Shares of Israeli software provider JFrog jumped in their trading debut on Wednesday.
JFrog priced its initial public offering at $44, above its estimated range of $39 to $41 a share. The company on Monday had raised its proposed price range from a prior estimate between $33 and $37.
Trading opened at $71.27. At last check the shares were up 49% at $65.50.
JFrog's software-release and management technology enables software updates to occur "continuously, non-intrusively and without [users] even knowing" that the process is in progress, the company's website says.
As of June 30, the company had clients at 5,800 organizations, "including all of the top 10 technology organizations," as well as clients in financial services, retail, health care and telecom, within the Fortune 500, according to the company's S-1 filing with the Securities and Exchange Commission.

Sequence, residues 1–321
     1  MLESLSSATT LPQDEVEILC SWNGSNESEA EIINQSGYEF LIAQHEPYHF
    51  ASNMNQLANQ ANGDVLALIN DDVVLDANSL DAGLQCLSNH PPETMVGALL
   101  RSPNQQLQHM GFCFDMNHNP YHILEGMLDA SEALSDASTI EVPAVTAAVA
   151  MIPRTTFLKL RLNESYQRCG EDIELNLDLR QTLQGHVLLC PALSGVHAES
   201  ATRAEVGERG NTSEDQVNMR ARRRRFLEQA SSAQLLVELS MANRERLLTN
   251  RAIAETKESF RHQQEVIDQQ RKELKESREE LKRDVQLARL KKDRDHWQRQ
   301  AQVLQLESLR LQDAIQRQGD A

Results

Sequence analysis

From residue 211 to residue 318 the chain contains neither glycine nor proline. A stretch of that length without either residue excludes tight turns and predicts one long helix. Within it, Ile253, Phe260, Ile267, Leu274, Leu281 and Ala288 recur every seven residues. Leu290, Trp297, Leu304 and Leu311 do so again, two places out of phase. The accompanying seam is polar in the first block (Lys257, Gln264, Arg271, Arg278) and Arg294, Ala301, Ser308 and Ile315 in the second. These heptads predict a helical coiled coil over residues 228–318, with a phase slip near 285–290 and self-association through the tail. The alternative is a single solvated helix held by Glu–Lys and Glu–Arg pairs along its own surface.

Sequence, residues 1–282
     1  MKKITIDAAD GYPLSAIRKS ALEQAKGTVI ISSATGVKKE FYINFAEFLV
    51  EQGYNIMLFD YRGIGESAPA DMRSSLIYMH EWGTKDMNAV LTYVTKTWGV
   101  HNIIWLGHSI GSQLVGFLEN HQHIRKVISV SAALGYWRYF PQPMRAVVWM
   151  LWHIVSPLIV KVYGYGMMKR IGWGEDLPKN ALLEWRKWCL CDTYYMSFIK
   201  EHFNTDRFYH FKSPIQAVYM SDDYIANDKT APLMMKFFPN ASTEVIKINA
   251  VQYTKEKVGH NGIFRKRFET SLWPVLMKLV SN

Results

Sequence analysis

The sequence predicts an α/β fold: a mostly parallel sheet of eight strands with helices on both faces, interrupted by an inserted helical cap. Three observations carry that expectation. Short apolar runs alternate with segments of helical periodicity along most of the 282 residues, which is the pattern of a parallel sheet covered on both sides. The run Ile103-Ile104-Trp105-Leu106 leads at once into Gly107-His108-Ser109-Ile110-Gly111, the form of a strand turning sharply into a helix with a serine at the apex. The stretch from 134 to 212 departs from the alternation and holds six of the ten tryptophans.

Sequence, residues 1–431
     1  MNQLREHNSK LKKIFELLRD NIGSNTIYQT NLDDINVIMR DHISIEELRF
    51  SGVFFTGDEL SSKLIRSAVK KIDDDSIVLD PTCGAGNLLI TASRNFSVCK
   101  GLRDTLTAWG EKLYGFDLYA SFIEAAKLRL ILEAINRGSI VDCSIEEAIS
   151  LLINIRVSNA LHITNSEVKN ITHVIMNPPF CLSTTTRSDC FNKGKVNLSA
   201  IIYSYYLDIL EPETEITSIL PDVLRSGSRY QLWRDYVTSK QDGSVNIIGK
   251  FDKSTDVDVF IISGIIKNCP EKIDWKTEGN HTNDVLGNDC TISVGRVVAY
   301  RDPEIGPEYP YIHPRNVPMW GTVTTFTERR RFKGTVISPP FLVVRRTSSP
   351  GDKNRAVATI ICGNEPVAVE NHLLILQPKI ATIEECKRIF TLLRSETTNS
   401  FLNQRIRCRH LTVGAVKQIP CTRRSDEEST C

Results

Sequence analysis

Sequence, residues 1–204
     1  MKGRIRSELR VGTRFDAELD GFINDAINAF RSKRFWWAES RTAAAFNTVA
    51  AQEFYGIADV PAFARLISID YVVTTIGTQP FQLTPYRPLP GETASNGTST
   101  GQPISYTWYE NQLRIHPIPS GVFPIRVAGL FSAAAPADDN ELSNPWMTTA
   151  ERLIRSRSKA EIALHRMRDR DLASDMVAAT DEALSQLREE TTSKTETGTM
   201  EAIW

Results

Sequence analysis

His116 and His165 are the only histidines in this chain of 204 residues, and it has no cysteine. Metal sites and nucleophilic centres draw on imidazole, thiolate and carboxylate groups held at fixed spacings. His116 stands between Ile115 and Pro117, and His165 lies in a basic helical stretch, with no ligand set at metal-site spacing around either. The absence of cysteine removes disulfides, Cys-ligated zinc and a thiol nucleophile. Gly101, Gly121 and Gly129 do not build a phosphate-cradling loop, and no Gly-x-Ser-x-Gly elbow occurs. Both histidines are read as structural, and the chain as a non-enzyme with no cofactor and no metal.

The offering consists of 11.6 million ordinary shares with JFrog offering 8 million and the rest offered by current holders.
JFrog will receive the proceeds from the 8 million shares, valued at $352 million. The deal price values all of JFrog at about $4 billion, Barron's reported.
The shares started trading on the Nasdaq under the symbol FROG. JFrog CEO Shlomi Ben Haim rang the opening bell at the Nasdaq on Wednesday.
Morgan Stanley, JPMorgan, Bank of America are acting as the lead book-running managers for the offering. KeyBanc, Piper Sandler, Stifel and others are co-managers.
For the first half of 2020, JFrog narrowed its net loss to 2 cents a share from 8 cents in the year-earlier quarter. Revenue rose 50% to $69.3 million.